A new exhibit explores the science of ancient funeral paintings
Courtesy Garrett-Evangelical Theological Seminary, Evanston, IL
Everybody’s a critic. Even back in second century Egypt.
While digging in Tebtunis in northern Egypt in the winter of 1899–1900, British archaeologists stumbled upon portraits of affluent Greco-Egyptians placed over the faces of mummies. One grave contained an ink and chalk sketch, a bit larger than a standard sheet of printer paper, of a woman from around the years A.D. 140 to 160. The sketch includes directions from an unidentified source to the artist to paint the “eyes softer.”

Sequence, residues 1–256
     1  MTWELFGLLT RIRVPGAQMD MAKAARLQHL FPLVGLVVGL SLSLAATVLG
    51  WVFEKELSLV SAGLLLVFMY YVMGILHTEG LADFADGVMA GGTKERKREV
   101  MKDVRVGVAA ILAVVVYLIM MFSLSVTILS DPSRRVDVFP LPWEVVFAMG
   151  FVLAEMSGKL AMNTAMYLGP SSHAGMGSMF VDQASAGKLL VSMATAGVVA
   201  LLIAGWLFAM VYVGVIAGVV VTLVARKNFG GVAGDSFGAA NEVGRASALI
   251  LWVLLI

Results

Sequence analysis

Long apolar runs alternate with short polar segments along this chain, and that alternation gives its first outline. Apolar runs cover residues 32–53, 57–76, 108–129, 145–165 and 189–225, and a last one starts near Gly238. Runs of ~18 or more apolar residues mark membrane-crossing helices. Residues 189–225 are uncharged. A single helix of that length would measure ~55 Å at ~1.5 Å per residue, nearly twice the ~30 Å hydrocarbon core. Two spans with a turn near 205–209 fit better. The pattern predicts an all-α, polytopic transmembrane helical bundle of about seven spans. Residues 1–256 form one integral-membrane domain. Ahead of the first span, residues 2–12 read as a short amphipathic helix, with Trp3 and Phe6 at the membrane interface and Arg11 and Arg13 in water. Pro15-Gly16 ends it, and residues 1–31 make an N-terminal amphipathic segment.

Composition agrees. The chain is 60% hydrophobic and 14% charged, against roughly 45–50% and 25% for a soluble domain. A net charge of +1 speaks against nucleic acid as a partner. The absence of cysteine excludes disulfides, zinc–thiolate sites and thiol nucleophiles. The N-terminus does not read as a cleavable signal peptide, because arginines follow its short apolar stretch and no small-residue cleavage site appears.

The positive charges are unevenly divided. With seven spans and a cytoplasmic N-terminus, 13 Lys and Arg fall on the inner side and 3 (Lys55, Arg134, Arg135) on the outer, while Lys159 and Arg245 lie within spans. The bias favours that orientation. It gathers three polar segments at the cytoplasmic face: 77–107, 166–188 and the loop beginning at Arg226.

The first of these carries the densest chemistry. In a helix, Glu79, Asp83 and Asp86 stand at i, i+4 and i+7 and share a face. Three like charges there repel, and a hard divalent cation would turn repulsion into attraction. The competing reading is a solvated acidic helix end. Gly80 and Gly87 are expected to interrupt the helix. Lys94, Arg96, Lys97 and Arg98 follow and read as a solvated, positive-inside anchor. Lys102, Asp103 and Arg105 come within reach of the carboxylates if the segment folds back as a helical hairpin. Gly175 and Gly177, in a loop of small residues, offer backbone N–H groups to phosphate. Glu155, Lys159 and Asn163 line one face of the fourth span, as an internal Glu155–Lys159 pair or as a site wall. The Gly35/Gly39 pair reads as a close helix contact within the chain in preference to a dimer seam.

That ancient critique is now the name of a temporary exhibit at Northwestern University’s Block Museum of Art in Evanston, Ill. “Paint the Eyes Softer: Mummy Portraits from Roman Egypt” features the sketch, along with six more intact or nearly intact Egyptian funeral portraits, one still attached to its mummy. All were discovered more than a century ago but recently examined using modern scientific tools.